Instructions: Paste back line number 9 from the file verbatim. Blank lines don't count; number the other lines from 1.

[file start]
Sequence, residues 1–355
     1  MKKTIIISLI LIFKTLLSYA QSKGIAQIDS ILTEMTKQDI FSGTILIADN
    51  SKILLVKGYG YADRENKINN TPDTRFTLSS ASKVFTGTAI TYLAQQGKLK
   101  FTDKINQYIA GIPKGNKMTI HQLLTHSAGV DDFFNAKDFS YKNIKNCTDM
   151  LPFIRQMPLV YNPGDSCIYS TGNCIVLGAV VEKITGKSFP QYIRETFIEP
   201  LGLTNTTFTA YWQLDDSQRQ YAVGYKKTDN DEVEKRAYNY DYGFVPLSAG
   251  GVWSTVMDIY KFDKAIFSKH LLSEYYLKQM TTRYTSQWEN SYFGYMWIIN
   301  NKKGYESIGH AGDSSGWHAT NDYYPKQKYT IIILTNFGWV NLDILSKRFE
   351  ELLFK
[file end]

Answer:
   351  ELLFK